Saturday, 12 November 2011

IRE 50th Anniversary Ball

The Institute celebrated 50 glorious years in style at the historic (“hidden gem”) Cutler’s Hall in Sheffield.






In total 245 members and their guests attended including 21 past presidents dating back to the 1970’s (C.K Walker “74/75 & M.J.Mason “77/78).


It was a marvellous opportunity to assemble the President’s for a group photo and this was arranged in the VIP suite prior to the dinner. It was also pleasing that the Master Cutler (Mrs Pam Liversidge,OBE) wanted to join the proceedings and subsequently posed with the “team”.






Following an excellent dinner; I gave a short speech expounding the virtues of refractories in society and consequently why the Institute was key and then with other members proposed a toast to “Our Guests”.


Neale Parkin, Managing Director of DSF Refractories & Minerals replied on behalf of the guests.


The Master Cutler, prior to her toast proposal to the Institute, delivered an excellent speech outlining the history of the Cutler’s hall, the ceremonies, the company officers and explained the origins of the rather strange looking elephant on Company of Cutlers’ Shield. She also noted how important refractories had been to the metal forming and working industries in Sheffield.


Ken Walker (Past President 1974/75) replied on behalf of the Institute.


A presentation of an artisan glass bowl was made to Mr Alan Hey in acknowledgement of all his hard work as General Secretary & Treasurer.


The “speech” was given by acclaimed after dinner speaker Mr Peter Slack (Derbyshire Hill Farmer) who regaled us with stories of his experiences with ramblers around his farm; quite frankly he was hilarious.


Speeches over; the band “Private Lines” played on till carriages arrived at 1.00 a.m.


All in all, an absolutely excellent evening, nearly two years of planning and everything combined beautifully.


It is important to note however that such events require considerable organisation, in this capacity I would specifically like to thank Jayne Woodhead, Paul Bottomley, Jon Masding, John May and someone I forgot to thank on the night; Ingrid Pears who handcrafted the gifts of glass cuff- links and heart shaped paperweights.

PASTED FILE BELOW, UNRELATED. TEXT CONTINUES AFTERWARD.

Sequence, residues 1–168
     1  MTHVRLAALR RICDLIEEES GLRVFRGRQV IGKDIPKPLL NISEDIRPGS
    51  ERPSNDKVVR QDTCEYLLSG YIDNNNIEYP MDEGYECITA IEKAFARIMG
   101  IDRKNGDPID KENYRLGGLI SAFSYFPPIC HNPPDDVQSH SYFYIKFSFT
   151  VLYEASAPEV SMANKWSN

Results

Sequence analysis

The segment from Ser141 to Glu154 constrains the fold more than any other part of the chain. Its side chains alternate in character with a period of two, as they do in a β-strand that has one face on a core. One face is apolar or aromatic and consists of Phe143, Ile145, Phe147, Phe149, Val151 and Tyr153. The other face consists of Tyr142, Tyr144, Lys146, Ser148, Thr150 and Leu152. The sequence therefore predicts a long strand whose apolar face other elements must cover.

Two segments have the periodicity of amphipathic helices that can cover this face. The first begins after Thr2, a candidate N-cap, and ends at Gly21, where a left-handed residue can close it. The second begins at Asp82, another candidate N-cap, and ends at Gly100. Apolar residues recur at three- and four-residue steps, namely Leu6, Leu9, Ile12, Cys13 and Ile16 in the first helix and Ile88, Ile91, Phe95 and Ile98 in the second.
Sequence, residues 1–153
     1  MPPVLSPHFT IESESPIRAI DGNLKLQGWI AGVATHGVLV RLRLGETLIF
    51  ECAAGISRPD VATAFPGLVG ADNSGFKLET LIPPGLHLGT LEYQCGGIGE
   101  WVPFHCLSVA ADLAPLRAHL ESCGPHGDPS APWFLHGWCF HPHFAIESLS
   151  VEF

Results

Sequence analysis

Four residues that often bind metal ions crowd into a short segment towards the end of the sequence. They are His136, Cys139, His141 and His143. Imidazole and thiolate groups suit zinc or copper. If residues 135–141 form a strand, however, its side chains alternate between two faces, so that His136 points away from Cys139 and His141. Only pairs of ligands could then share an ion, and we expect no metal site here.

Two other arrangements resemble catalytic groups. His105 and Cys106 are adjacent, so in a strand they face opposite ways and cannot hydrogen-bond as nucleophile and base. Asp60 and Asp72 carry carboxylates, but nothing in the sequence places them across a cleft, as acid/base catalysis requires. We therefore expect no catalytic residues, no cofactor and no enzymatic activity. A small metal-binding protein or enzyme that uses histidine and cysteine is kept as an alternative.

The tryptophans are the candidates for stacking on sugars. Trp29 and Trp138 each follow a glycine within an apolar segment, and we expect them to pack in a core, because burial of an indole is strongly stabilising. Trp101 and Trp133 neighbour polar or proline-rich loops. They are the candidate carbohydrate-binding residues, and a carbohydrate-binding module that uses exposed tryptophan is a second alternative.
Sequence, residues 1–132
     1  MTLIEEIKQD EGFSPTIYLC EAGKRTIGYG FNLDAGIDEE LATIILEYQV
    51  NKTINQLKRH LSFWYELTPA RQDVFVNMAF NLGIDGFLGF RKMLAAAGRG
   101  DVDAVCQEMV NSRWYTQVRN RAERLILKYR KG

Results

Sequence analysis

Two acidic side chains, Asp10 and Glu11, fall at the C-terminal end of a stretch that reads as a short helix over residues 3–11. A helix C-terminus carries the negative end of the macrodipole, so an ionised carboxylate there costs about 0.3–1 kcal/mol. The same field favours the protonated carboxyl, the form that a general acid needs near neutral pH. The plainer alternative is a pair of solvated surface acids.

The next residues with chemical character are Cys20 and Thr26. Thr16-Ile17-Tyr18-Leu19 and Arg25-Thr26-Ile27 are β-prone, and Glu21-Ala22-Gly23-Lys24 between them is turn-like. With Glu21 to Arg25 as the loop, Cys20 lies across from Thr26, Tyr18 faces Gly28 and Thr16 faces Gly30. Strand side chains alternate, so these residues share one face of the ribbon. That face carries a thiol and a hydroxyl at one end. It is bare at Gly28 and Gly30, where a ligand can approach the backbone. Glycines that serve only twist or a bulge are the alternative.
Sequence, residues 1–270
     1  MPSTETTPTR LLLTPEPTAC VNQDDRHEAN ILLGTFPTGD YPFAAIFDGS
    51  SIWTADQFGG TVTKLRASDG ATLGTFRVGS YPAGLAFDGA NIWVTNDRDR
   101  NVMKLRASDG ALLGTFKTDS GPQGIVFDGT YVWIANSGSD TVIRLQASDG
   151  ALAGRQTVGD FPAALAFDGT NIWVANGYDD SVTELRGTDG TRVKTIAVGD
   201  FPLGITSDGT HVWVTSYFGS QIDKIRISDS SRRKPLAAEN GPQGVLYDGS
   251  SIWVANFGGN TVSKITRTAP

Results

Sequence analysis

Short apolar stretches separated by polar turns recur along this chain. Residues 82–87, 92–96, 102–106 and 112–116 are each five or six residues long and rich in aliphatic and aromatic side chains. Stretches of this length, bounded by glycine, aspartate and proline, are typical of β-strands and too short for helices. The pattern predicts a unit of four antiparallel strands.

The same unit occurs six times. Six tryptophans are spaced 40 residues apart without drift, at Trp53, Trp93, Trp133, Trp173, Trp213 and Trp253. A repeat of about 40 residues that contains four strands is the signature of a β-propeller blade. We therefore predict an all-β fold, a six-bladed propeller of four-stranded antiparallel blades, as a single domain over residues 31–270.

Here’s to the next 50 years!


C.Windle


President

Thursday, 3 November 2011

President’s Column November 2011

Dear Members,
 

Over recent months I’ve had many thoughts in preparation for my opening column for the Refractories Journal, however things change so quickly on both a local and global basis that none of these initial ideas seem to apply.
 

Consequently I’ll begin with a few facts; the refractory industry is a hard discipline to be involved in; striving for long hours to beat targets which ultimately will mean less refractory is utilised; a self-defeating strategy you may think.

Refractory engineering is an almost hidden industry; intrinsic to the manufacture of virtually every other material that underpins modern society; it literally took us out of the stone age.
 

So why am I and countless others involved in it! It is of course immensely rewarding; in few industries can you determine so directly the influence of your input.
 
I’ve been in the industry for 22 years now; spent innumerable hours on integrated steel works and watched sunrise over ConocoPhillips refinery; it doesn’t get much better.

Being elected the 48th President of the Institute of Refractories Engineers is a great honour and pleasure for me and I hope to continue the good work established by Peter Rooney, Trevor Staton and Sam Franklin.

As an Institute we always face challenges, however the finances look fine and we are growing with a net gain of members.

The recent Annual meeting was very well received and the training day has raised a considerable amount of interest; such that training will form a major part of our strategy over the next couple of years.